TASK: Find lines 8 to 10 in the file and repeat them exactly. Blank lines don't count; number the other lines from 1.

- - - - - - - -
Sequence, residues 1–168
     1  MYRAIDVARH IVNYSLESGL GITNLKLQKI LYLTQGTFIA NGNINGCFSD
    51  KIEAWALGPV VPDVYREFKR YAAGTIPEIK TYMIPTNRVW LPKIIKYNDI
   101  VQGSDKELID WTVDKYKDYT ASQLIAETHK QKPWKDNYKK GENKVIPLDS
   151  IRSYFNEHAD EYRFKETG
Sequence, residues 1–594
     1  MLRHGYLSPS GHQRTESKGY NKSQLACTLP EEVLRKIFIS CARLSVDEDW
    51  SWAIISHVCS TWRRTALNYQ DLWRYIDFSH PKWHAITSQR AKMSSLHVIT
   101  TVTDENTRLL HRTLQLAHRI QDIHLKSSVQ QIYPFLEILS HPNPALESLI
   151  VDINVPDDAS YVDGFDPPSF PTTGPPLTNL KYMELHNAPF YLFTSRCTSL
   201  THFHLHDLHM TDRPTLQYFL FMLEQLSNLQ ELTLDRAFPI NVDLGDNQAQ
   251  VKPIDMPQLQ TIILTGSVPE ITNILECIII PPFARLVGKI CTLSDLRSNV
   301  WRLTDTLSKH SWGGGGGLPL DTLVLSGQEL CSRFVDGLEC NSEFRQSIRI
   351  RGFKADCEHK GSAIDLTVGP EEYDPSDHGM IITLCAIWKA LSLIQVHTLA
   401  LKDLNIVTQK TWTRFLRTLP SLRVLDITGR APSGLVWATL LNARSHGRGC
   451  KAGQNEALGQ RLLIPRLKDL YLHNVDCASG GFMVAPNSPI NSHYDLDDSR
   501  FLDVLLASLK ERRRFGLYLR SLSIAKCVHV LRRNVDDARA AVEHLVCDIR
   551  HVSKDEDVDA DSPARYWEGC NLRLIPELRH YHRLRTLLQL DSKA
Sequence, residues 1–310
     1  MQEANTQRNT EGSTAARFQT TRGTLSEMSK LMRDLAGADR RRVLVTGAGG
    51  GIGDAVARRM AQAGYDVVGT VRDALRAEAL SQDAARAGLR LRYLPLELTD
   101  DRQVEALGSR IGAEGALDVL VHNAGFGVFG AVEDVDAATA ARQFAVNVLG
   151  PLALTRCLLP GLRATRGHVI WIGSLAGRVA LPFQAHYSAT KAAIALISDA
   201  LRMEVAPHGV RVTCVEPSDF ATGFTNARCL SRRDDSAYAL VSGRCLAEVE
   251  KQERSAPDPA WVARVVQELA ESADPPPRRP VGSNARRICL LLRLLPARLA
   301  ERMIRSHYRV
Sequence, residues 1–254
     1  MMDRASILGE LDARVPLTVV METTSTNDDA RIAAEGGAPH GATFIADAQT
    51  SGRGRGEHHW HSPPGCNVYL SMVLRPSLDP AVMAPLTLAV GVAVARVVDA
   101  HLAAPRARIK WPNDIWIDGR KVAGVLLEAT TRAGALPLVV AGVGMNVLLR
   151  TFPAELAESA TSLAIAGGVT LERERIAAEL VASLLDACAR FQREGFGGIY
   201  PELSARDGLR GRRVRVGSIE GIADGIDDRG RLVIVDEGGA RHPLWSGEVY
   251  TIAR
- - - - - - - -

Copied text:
    51  SWAIISHVCS TWRRTALNYQ DLWRYIDFSH PKWHAITSQR AKMSSLHVIT
   101  TVTDENTRLL HRTLQLAHRI QDIHLKSSVQ QIYPFLEILS HPNPALESLI
   151  VDINVPDDAS YVDGFDPPSF PTTGPPLTNL KYMELHNAPF YLFTSRCTSL